It was a Friday night and, in true British fashion, the rain had not stopped. I was debating whether or not the show I needed to attend would be worth the inevitable soak to the bone. Two words, ladies and gentlemen: it was. A fiery phenomenon that was different to my expectations, Chopping Chillies is a performance by Clair Whitefield that you simply must see.
It tells the story of Ajna who, due to circumstances I do not wish to unveil, becomes a cobbler in London, leaving his beloved home of India behind. He befriends his neighbour Katie, who has travelled India and has opened up a soul food café to enrich the tastebuds of local Londoners. The two are intertwined through the geographical stamps imprinted on their skin. Ajna’s home is the inspiration for Katie’s cooking and each improvement suggested by Ajna sends him one step closer to returning to his vibrant home.
a poetic explosion of thought and feeling which explores the effects food can have on the body and soul
The story was absolutely beautiful, a poetic explosion of thought and feeling which explores the effects food can have on the body and soul. Memories can flow from different objects and sounds and food is no different. Whitefield’s tantalising tale dances on the tongue and creates a mouth watering performance where each and every member of the audience inhabited the Indian dishes which are so integral to both the characters’ memories. Contrasting this rambling review, I was honestly rendered speechless by the sheer power of the show and the way food can create such a mystical experience.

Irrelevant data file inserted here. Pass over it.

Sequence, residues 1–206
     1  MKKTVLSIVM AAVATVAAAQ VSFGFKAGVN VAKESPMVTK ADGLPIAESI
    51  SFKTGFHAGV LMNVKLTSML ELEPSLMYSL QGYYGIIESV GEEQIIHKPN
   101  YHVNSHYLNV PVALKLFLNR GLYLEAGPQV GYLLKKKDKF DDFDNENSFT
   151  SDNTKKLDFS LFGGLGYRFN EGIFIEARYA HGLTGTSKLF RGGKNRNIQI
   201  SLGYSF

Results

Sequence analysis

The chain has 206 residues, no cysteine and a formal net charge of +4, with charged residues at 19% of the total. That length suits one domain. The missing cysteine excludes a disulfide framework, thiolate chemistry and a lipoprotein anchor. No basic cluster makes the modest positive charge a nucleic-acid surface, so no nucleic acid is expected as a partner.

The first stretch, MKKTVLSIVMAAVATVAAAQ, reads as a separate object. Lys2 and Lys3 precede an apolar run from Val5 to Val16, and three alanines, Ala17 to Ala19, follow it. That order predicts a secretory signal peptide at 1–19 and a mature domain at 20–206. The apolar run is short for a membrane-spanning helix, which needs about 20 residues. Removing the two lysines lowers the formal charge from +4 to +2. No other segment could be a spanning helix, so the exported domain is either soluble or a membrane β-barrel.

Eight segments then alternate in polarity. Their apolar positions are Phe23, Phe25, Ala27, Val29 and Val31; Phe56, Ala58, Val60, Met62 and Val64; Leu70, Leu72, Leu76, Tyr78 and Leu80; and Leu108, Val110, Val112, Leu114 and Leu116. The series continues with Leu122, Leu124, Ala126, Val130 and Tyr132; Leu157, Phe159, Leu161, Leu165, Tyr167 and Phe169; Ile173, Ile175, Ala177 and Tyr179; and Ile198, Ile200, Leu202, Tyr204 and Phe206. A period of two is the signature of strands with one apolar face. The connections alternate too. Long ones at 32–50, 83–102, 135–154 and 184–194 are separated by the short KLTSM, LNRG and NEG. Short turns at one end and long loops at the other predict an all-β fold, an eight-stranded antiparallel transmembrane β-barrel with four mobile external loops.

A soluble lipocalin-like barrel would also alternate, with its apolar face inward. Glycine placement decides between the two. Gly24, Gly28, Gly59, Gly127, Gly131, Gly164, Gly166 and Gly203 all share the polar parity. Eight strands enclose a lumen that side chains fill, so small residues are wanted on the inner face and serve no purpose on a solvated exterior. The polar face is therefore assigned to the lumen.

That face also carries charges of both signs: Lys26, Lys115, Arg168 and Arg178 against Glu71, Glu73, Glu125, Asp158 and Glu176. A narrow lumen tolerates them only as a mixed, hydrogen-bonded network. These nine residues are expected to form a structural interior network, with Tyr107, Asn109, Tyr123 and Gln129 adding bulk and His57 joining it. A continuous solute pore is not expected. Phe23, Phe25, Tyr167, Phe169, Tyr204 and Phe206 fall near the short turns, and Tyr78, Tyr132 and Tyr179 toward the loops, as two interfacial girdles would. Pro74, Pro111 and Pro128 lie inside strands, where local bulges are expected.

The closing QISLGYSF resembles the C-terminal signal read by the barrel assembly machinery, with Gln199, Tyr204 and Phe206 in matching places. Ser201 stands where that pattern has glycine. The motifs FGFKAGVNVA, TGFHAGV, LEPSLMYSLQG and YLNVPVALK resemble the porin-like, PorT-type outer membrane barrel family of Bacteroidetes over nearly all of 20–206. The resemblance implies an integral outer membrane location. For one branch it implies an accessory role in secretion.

Although food was integral to the story, it was only part of a wider picture of what our lives are all about. Upon moving to London, Ajna observes people’s issues and, compared to his experiences, each one is trivial and easily fixed. The performance perpetuates the notion that sometimes a problem within your life can be addressed by your own actions; it is all about finding what makes you content and working from your current position to a new brighter one. To some, Chopping Chillies may ooze with sadness, but its over-riding message is unbelievably positive. Change is often charged with being an awkward, annoying figure, but this show screams that sometimes change is for the better and, quite frankly, I think that is amazing.
Whitefield’s tantalising tale dances on the tongue and creates a mouth watering performance
Such a magical story was only enhanced by Whitefield’s stellar performance. It is a one woman show but that doesn’t hinder the appearance of a troupe of wild characters. Each character naturally had their own persona, quirks, and traits and Whitefield embodied each of them with incredible voices and movements. The audience became enthralled in every image, sound and, to some extent, even taste. This was all created by a single individual standing barefoot in an empty room with minimal sound effects. This only demonstrates the ferocious power of words and how they can manipulate the human brain into a wonderful trance and transport each individual to a world far from a quayside venue in south west England. But it isn’t just the presence of words that makes this tale so extraordinary, it is the choice of words themselves. The story hosts an array of vivid phrases which sparkle throughout. It only shines brighter because of these words and again allows the audience to be fully immersed in a wonderfully exotic experience.
Overall, I cannot enthuse enough about this amazing performance. Clair Whitefield and director Guy Masterton have created a fantastic performance that anyone and everyone should go and see. It’s unique, engaging and honestly brilliant – I highly recommend it, especially if you are seeking something different to the typical show!